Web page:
combinations of the nearest intervals). These embeddings were randomly initialized and updated
over the course of training the model.
Embeddings representing all data prior to a prediction point were placed in chronological order
Ei, i
= 1
, ..., n
where n is the number of elements in the sequence Each embedding vector was
concatenated with a time-delta value or embedding, ∆
i
representing the difference in time from the
data element occurring to the time the prediction was made.
B Description of Inclusion Criteria and Outcomes
Inclusion Criteria
Inpatient encounters were defined as followed: 1. Encounter was confirmed as complete or non-
cancelled 2. Encounter had a start and end time 3. Encounter class was defined as inpatient as defined
in dataset 4. Administrative encounters were excluded (e.g. no primary diagnosis was documented);
these encounters accounted for less than 1 percent of hospitalizations in the data received.
The following services were included in the Medical-Surgical Cohort: General Medicine, Cardi-
ology, Neurology, Critical Care Medicine, Hematology, Oncology, Hepatobiliary Medicine, Medical
Specialties, General Surgery, Colorectal Surgery, Otolaryngology, Gynecology, Gynecology-Oncology,
Neurosurgery, Oral-Maxillofacial surgery, Orthopedics, Plastic Surgery, Thoracic Surgery, Transplant
Surgery, Urology, and Vascular Surgery.
Cohort Definitions
We made the following modifications of the CMS cohort definitions[1] to ensure that every primary
diagnosis was listed in a cohort.
We added CCS code 150 (alcoholic liver disease) to the Medicine Cohort.
We created the following new Cohorts: Obstetric Cohort containing CCS codes 176-196. Rehabil-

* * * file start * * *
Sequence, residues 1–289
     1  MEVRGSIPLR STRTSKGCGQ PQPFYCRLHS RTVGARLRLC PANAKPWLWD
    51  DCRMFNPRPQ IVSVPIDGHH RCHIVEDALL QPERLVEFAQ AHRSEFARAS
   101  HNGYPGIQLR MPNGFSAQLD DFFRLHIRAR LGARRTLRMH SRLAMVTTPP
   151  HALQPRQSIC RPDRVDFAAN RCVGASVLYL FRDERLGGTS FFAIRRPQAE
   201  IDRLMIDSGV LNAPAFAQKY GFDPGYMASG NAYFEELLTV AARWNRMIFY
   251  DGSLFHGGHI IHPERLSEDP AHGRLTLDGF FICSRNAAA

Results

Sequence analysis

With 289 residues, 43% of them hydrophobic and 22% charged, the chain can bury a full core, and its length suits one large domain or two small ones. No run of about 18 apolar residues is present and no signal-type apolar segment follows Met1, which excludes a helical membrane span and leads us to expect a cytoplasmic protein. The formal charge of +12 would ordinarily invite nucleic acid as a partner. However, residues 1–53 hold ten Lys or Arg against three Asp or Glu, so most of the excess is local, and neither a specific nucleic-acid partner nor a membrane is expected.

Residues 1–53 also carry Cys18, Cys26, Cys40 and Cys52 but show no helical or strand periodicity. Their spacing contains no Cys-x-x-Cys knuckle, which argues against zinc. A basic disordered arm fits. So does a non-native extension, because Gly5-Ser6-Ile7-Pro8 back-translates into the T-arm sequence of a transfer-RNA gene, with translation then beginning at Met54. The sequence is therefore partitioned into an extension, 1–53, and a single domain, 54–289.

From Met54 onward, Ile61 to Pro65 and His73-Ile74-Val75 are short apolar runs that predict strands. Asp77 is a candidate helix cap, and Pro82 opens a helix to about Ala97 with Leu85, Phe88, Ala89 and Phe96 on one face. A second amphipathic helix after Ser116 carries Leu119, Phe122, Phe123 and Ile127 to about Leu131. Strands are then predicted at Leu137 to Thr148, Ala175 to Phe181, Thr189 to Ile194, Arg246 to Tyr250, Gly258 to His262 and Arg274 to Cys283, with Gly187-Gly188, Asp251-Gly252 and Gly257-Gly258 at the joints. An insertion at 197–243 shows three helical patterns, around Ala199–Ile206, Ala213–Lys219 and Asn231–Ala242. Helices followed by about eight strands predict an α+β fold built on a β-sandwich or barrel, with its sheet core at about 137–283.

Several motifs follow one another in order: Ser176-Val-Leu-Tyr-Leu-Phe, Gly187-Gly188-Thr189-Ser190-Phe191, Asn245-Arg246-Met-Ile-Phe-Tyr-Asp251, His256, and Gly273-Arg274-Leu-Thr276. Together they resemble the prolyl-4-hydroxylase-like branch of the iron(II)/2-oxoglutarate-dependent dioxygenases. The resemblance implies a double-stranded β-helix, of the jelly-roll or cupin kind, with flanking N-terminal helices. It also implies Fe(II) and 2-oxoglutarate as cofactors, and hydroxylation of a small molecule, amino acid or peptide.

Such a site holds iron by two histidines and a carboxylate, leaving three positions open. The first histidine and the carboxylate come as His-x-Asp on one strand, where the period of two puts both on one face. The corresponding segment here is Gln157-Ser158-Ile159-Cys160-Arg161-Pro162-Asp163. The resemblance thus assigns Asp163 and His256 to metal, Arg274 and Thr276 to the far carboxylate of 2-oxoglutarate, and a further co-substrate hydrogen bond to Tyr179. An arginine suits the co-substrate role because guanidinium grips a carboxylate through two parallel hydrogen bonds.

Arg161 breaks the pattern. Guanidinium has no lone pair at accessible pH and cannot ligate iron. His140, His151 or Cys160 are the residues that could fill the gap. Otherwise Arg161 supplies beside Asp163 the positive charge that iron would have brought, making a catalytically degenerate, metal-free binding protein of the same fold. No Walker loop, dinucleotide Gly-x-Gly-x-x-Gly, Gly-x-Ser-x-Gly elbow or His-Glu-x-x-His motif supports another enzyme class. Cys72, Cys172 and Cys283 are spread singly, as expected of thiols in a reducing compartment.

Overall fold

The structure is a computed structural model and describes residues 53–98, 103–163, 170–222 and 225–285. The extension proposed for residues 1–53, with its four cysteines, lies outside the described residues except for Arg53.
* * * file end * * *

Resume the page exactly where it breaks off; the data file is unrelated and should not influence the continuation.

itation Cohort containing CCS code 254 Injury and Poisoning Cohort containing CCS codes 260 and
2601-2621.
Determining Unplanned Readmission
We implemented the logic used by CMS to define planned readmissions[1]. The logic evaluates
whether admissions were for reasons that are defined to be planned (e.g. bone marrow transplants
and chemotherapy), and it distinguishes between surgical procedures that were accompanied by an
acute condition (e.g. acute cholecystitis) or non-acute condition, which were defined to be unplanned
or planned, respectively.
15
In the 2016 version of the CMS rules, some criteria were defined by a mix of CCS and ICD-9
procedure and diagnosis codes. Given that some hospitalizations only had ICD-10 diagnoses and
procedure codes, we mapped the ICD-9 CMS codes to ICD-10 and then applied the rules. We used
the mapping tables provided by the National Bureau of Economic Research[11].
Fewer than 1 percent of hospitalizations did not have a primary diagnosis marked in the raw data.
Based on a review of a random sample of these hospitalizations, these encounters lacked clinical data